Riverside is here for you during the COVID-19 outbreak.

For more information, please click here.

Myth or fact: Does sugar feed cancer cells?



Cancer
cancer spelled out on sugar cubes

The relationship between sugar and cancer has been the subject of public debate for decades. If you or a loved one are facing cancer, it’s likely a question you’ve considered as well.

The truth is blood sugar, also known as glucose, feeds all your cells, including cancer cells. “Because many healthy foods with cancer-fighting and immune-boosting nutrients contain sugar, cutting out all sources of sugar isn’t the best solution. Luckily, there is a lot you can do with your diet and lifestyle to prevent cancer and support treatment, says Lynne Groeger, M.S., R.D., C.S.O., Registered Dietitian specializing in oncology nutrition with Riverside Cancer Care Center.

Sugar and cancer

When you eat, your blood sugar rises as your body breaks down food to use for energy. The sugar in your blood will act as fuel for all your cells. This includes healthy cells as well as cancer cells.

Cancer cells tend to be more active than healthy cells and use more of any available fuel, like blood sugar. So under a microscope or scan, they appear to go crazy when more sugar is available.

So just avoid sugar, right? Unfortunately, it’s not that simple. Your body turns carbohydrates into blood sugar, even healthy carbohydrates like berries, Greek yogurt and beans. And, your healthy cells still need fuel too, so starving them along the way might do more harm than good.

And, if you are having a hard time keeping on weight during cancer treatment you don’t want to cut out entire groups of healthy foods.

“A well-balanced diet during treatment is important to support healthy immune function and maintain muscle mass. It’s not beneficial to cut out whole groups of healthy foods like fruits in an effort to avoid sugar,” says Mrs. Groeger. 

A lifestyle strategy to keep cancer at bay

Research shows that extended periods of high blood sugar and high insulin, the hormone that helps manage blood sugar, may influence cancer cell growth rather than any one particular food.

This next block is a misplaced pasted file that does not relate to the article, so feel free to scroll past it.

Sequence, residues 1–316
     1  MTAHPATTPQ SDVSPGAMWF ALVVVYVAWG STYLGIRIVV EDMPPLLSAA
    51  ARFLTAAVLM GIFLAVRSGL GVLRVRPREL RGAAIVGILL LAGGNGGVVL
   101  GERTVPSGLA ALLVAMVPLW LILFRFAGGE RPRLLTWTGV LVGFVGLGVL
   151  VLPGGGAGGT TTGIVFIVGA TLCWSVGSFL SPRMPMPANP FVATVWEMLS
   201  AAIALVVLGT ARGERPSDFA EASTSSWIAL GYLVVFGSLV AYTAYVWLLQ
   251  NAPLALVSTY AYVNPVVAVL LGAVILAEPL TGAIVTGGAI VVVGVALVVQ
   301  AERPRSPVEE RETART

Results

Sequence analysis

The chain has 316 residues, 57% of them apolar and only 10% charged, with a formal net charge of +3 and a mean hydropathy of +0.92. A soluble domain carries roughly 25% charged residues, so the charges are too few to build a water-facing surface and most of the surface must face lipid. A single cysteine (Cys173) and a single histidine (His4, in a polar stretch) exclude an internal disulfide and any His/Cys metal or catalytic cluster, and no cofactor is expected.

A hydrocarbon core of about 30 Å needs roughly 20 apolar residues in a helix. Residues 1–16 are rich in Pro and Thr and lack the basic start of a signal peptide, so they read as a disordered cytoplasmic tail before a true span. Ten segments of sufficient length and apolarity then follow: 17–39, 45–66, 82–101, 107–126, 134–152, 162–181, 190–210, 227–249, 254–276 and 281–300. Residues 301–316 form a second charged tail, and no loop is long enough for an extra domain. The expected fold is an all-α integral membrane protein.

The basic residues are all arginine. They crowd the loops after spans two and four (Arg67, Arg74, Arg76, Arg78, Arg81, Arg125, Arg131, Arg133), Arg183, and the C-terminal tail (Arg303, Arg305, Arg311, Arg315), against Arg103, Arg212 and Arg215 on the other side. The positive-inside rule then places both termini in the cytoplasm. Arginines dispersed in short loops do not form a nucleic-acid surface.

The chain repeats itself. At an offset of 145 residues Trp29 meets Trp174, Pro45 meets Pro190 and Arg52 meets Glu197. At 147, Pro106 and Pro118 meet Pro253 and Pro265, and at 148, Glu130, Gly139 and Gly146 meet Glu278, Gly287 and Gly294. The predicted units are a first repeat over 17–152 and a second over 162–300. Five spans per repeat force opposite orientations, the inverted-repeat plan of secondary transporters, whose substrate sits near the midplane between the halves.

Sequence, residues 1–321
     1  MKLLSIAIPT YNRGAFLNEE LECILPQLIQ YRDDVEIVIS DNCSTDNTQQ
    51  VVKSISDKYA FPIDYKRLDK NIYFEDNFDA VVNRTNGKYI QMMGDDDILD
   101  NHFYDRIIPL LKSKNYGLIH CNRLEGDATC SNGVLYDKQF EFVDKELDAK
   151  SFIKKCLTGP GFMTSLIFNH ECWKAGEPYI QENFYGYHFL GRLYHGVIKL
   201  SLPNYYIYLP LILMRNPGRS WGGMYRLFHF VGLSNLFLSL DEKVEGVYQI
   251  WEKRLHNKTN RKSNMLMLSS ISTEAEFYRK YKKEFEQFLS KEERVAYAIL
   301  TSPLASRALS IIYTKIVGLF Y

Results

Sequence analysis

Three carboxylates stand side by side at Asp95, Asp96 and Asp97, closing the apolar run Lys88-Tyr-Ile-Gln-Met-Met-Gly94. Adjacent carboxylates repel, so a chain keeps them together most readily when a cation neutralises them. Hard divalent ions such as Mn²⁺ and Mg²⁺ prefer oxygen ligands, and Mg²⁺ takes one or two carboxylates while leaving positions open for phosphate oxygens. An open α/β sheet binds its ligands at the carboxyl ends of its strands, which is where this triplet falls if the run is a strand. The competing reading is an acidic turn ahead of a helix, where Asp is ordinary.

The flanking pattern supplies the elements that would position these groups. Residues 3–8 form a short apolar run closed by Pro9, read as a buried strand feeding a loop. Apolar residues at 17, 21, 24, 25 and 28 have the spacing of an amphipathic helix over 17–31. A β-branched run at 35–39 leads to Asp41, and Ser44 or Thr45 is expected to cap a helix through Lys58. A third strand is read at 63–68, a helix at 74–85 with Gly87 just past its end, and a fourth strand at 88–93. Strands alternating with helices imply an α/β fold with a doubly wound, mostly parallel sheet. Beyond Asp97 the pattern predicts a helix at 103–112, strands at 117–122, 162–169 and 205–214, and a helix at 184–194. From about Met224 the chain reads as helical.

To keep the risk of cancer low and to slow down growth of existing cancer, you can adopt a lifestyle that keeps blood sugar consistently in a healthy range. The American Institute for Cancer Research and the American Cancer Societyrecommend that you:

  • Choose high-fiber carbohydrates that don’t spike blood sugar like whole fruits, beans, lentils, vegetables, whole grains and fresh herbs.
  • Avoid quickly digested carbohydrates that raise blood sugar fast including soda, juice, candy and desserts.
  • Balance meals and snacks to include protein, fiber and healthy fats – these components slow down digestion and blood sugar spikes.
  • Get moving! Exercise and physical activity throughout the day naturally lower blood sugar as glucose is used to fuel muscles.
  • Manage stress. Stress raises blood sugar even without food! Make time for relaxing activities like nature walks, puzzles and time with friends.

Cancer myths cause more harm than good

Our body is designed to use blood sugar as fuel, so while sugar does feed cancer cells it also feeds healthy cells. Oversimplifying the sugar and cancer debate can cause more harm than good, creating stress and anxiety around food and mealtime. Focus on overall lifestyle changes, rather than worrying about one food, to benefit your health.

Do you need help with making lifestyle changes to support healthy blood sugar? Learn more about our oncology nutritionist by visiting Integrative Medicine or calling 757-594-3099.

Related Services

Related Articles

View All Posts
Cancer Primary Care

Resources for transgender community for preventative cancer screenings

June 07, 2022
Learn More Cancer screening guidelines
Cancer Healthy Aging

Care for the caregiver – When your loved one is diagnosed with cancer

May 23, 2022
Learn More A senior woman looks away, while daughter closes her eyes and gives a caring hug
Cancer Healthy Aging

Coping with cancer: How early palliative care can help you and your family

March 10, 2022
Learn More Rear view of son and elderly father sitting together at home